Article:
Former United States President Jimmy Carter plans to visit North Korea "very soon" to win the release of a Korean-American man detained there, a U.S. radio station reported Sunday.
Carter "is scheduled to visit North Korea very soon to discuss the release of Kenneth Bae," the Washington-based Radio Free Asia said in a report, citing multiple human rights officials.
Last week, Kyodo News Service reported that Carter is considering a visit to Pyongyang at the invitation of the North Korean government, citing a U.S. source.
Bae, a U.S. citizen based in China, was arrested by the North Korean authorities in November on charges of trying to overthrow the communist regime. In April, he was sentenced to 15 years of hard labor.
Washington has been trying to secure the release of Bae, calling on Pyongyang to grant him amnesty.
The officials also raised the possibility of Carter's meeting with the North Korean leader Kim Jong-un, the RFA reported.
While Pyongyang is attempting to use Bae's case and the expected trip by Cater as political leverage to open dialogue with the U.S., it remains unclear if the high-profile visit will have any effect, experts say.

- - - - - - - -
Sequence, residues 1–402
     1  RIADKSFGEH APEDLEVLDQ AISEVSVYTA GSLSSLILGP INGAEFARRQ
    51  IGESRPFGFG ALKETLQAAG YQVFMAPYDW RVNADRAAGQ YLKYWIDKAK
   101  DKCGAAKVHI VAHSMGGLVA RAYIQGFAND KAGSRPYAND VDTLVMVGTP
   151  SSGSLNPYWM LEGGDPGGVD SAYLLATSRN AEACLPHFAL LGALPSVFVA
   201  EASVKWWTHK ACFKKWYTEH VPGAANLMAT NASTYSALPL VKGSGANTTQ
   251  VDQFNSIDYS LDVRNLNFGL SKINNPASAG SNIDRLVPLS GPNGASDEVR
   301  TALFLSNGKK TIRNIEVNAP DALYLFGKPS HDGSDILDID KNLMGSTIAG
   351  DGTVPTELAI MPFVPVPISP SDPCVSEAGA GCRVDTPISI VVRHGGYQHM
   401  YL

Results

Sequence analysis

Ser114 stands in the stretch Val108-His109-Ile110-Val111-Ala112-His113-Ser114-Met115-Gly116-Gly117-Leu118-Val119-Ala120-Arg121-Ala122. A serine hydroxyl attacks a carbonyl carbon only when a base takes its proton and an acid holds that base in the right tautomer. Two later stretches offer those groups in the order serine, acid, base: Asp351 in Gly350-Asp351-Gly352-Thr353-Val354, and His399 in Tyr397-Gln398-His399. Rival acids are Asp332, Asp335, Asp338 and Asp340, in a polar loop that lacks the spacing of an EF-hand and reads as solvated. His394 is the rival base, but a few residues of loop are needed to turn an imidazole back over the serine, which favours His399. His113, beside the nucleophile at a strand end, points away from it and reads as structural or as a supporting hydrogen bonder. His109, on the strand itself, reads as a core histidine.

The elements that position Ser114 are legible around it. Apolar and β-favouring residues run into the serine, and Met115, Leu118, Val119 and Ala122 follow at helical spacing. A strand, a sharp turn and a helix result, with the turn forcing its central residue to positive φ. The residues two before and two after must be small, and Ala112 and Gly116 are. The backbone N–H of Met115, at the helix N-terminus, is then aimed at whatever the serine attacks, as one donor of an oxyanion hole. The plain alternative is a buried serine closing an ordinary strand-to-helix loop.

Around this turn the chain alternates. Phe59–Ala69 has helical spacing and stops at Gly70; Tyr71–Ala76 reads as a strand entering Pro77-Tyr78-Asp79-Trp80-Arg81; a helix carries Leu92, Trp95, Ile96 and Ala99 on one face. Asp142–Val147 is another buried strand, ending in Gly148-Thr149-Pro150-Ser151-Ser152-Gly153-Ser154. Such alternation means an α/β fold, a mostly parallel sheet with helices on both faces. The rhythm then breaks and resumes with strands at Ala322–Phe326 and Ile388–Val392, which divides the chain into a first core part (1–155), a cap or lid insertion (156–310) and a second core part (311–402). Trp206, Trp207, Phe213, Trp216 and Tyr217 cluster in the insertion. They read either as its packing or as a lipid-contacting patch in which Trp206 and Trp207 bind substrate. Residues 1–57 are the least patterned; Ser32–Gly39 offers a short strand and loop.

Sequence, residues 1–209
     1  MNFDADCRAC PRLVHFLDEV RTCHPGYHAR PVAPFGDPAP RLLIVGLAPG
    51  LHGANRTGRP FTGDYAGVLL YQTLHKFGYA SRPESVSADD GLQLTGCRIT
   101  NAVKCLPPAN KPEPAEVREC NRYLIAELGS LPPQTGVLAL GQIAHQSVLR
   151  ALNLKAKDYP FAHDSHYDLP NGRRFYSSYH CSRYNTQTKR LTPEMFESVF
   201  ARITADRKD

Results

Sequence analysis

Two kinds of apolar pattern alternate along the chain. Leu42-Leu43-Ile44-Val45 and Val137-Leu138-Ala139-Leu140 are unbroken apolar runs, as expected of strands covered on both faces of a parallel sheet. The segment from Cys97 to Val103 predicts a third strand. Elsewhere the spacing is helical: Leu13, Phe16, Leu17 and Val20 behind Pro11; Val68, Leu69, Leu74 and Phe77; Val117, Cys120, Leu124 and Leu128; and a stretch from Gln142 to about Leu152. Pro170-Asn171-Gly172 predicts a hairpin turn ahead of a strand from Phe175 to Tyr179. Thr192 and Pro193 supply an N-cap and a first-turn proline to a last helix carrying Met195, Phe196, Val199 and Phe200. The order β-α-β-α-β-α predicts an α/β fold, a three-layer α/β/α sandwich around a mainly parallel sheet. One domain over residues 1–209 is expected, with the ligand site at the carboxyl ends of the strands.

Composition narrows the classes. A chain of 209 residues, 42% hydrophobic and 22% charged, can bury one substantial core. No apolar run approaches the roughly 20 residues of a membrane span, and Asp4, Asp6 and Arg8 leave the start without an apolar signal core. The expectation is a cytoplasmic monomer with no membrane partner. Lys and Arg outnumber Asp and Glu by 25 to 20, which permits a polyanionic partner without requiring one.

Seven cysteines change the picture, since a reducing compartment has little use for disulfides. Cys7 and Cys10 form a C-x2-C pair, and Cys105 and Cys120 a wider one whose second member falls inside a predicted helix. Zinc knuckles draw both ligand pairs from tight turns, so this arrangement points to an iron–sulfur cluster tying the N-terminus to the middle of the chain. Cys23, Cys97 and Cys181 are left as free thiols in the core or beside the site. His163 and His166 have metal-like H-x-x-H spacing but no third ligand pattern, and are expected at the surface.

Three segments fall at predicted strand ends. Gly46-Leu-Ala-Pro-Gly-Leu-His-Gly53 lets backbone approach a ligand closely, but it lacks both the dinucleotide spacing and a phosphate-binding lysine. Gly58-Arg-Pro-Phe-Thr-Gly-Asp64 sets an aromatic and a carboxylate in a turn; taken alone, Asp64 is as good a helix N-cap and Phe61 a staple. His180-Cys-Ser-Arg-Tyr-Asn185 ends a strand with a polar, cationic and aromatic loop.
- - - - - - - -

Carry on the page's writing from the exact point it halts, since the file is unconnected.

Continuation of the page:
North Korea has called for the U.S. to hold direct talks with it "without preconditions," ignoring calls by Washington to show sincerity for denuclearization before such talks take place.
Several American citizens were detained in the communist North on similar charges in the past, but all were freed, largely unharmed, with high-profile U.S. political figures' trips to the communist country often leading to their release.
In 2009, former U.S. President Bill Clinton flew to Pyongyang to bring home two female American journalists.
The following year, former U.S. President Jimmy Carter won plaudits when he negotiated the release of American national Aijalon Mahli Gomes. (Yonhap News)